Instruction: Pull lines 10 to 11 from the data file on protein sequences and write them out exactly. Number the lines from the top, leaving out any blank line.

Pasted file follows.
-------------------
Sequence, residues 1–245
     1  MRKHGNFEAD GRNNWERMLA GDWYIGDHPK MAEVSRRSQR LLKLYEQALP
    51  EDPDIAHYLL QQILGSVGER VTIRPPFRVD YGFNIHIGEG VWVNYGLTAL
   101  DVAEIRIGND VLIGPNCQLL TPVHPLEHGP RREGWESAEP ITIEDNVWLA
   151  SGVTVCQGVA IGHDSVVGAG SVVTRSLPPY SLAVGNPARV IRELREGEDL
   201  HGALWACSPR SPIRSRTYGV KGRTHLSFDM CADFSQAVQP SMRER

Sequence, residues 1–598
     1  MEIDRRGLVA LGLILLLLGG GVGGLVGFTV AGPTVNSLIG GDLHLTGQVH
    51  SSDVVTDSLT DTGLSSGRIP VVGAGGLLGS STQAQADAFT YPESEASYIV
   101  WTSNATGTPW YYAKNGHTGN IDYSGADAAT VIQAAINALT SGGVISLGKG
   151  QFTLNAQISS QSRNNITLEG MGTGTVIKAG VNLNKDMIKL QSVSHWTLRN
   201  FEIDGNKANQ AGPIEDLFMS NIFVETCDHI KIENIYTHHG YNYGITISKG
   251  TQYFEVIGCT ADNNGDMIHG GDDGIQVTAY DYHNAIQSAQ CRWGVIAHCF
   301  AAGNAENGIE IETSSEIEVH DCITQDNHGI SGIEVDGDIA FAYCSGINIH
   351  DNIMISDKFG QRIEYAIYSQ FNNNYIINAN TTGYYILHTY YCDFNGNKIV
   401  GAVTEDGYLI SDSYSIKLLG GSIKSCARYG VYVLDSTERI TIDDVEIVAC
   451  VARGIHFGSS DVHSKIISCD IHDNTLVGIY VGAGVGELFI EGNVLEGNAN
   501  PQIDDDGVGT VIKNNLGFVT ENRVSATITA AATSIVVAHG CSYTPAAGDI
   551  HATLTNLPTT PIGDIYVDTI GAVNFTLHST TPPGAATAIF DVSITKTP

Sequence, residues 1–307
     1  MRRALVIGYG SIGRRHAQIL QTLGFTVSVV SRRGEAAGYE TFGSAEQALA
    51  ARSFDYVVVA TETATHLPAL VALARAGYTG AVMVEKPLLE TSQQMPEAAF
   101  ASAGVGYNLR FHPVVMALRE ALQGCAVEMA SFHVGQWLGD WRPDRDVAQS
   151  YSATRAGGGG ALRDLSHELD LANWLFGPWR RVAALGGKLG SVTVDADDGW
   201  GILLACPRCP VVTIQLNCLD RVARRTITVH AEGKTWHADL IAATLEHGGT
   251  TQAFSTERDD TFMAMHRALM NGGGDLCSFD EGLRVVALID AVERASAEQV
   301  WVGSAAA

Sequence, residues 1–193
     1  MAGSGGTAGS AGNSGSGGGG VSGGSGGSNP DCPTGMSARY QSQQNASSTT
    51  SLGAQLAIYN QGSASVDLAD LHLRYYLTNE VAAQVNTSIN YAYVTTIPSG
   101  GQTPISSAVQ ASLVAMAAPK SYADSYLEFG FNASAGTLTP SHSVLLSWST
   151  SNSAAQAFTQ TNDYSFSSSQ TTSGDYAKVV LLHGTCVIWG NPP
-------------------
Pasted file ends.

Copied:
   101  WTSNATGTPW YYAKNGHTGN IDYSGADAAT VIQAAINALT SGGVISLGKG
   151  QFTLNAQISS QSRNNITLEG MGTGTVIKAG VNLNKDMIKL QSVSHWTLRN